The Right to Choose?

Crystal Kelley, 29, was struggling financially and looking for a way out of her situation. Knowing the pain of being unable to bring a child to term (she suffered from multiple miscarriages before giving birth to her own 2 children) decided to pursue surrogacy as an option. She liked the idea of being able to help another couple bring a child into the world. After searching, she was paired up with a couple that had three children and were trying for a third.

The couple agreed to pay Kelly a reported amount of $2,222 a month for her surrogacy services. At the time that they decided to enter into an agreement with Ms. Kelley they already had an embryo from a previous IVF treatment. This embryo was implanted inside Ms. Kelley in October and pregnancy was confirmed 10 days later.

Everything was going along fine until a February ultrasound revealed fetal abnormalities. Doctors believed that the child would be born with a cleft palate, a brain cyst, as well as serious congenital defects. In addition, they were unable to locate the baby’s spleen or stomach. Given the range of defects, they informed Kelley and the intended parents that the baby had only a 25% chance of living a normal life.

The intended parents, having given birth to three premature children (two of whom have ongoing medical conditions) felt strongly that the most humane option was to terminate the pregnancy rather than allowing the child to be born and suffer.

However, Ms. Kelley, who is reported to be very religious and against abortion, refused to go through with the procedure. Despite the fact that her contract included an abortion clause, which required for her to terminate the pregnancy in the case of severe fetus abnormality, Ms. Kelley insisted that it was not her right to “play God” with the baby’s life.

At this point, the intended parents offered to pay Ms. Kelley $10,000 to terminate the pregnancy before the 24-week legal limit for a termination passed and there was nothing more that could be done. Ms. Kelley countered, asking for them to increase the offer to $15,000 in what she describes as “a moment of weakness”.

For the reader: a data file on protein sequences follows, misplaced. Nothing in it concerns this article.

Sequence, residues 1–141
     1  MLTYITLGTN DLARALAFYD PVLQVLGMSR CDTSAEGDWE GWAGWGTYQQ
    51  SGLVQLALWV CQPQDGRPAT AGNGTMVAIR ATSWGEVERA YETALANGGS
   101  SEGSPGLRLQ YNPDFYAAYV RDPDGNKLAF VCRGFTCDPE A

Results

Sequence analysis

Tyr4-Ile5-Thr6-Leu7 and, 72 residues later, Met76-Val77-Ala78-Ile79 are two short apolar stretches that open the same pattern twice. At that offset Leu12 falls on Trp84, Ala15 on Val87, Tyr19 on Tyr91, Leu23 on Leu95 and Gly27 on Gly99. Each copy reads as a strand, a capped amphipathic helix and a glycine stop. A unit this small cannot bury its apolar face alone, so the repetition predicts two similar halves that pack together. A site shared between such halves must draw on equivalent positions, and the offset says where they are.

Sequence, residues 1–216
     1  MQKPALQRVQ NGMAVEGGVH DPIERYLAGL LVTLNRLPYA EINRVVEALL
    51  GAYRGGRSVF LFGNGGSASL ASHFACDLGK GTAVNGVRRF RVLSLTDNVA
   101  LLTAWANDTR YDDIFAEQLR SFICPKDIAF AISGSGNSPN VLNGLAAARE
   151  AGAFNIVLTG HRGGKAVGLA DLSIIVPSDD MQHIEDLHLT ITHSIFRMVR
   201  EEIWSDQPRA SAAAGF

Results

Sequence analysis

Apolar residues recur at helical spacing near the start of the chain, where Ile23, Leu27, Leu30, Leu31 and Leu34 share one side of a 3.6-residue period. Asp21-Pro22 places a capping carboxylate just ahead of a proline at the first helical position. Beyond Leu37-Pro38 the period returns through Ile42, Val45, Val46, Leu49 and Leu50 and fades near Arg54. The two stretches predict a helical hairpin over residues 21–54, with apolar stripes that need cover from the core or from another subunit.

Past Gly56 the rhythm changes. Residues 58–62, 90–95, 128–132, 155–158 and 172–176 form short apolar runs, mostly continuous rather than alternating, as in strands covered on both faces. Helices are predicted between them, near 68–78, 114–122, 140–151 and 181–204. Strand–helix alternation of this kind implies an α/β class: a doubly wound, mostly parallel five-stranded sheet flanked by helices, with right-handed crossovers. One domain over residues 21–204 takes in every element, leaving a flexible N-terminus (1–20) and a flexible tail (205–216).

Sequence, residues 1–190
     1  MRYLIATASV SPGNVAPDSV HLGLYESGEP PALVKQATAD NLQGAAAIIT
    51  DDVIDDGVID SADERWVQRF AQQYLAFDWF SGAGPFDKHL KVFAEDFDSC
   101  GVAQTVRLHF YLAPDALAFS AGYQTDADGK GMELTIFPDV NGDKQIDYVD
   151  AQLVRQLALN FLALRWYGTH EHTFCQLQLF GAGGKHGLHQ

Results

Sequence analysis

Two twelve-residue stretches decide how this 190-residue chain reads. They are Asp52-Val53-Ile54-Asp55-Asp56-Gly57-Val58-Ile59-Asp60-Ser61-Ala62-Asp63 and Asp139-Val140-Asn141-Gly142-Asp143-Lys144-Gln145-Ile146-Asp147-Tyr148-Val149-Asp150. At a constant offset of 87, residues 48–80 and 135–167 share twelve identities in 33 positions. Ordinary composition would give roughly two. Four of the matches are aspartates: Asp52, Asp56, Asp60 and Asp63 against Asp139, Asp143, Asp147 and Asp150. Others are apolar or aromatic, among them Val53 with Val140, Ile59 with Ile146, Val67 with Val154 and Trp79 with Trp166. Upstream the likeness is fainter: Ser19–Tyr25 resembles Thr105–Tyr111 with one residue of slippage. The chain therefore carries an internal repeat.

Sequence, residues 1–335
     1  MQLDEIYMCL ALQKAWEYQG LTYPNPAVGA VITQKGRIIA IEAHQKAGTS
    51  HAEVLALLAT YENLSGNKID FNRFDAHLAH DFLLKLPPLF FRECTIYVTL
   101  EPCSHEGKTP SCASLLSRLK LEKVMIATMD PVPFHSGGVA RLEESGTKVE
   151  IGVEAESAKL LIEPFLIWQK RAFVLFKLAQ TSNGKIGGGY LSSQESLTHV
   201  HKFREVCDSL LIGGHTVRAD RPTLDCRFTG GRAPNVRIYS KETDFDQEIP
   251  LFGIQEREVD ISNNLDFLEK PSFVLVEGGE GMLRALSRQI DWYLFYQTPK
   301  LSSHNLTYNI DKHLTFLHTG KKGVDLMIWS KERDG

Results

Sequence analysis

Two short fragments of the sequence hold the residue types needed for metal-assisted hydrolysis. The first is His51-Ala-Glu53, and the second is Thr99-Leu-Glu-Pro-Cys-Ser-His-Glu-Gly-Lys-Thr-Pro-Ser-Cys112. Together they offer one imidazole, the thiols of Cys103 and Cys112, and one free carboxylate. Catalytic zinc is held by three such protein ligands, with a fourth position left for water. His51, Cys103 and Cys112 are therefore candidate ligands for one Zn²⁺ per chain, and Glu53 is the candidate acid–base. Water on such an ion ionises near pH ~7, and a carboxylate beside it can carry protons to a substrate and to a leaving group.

The attorney’ for the intended parent informed her of their intent to sue her for the amount they had already paid her ($8,000 plus hospital fees) if she did not terminate the pregnancy. The parents the changed their minds, saying that if she gave birth to the child, they would exercise the legal custody over the child and give it up for adoption in their state of Connecticut.

At this point, Ms. Kelley decided to relocate to Michigan, where legal guardianship was awarded to the birth mother rather than the genetic parents. Meanwhile, the legal battles continued as the intended parents fought for custody. It was revealed, however, that the intended mother was not the genetic mother of the child, since they had used an egg donor. After the child was born, it was agreed that the father would give up his parental rights as long as he was able to remain in contact with the child’s adoptive parents – a couple who specifically wanted to adopt a special needs child.


Unfortunately, the baby girl was born with medical issues that were far more serious than the ultrasounds indicated. She has a defect called holoprosencephaly in which the brain does not have distinct hemispheres as well as a defect called heterotaxy in which several of her internal organs are in the wrong place. In addition to these conditions, she also suffers from hear and ear deformities, a cleft lip and cleft palate, and a myriad of heart defects. She has already had several serious surgeries and is slated to undergo even more. It is reported that if she does survive, there is a 50% chance that she won’t be able to walk or talk.

Given the whole story, what would you have done in this situation if you were Ms. Kelley? The intended parents? Please comment below.

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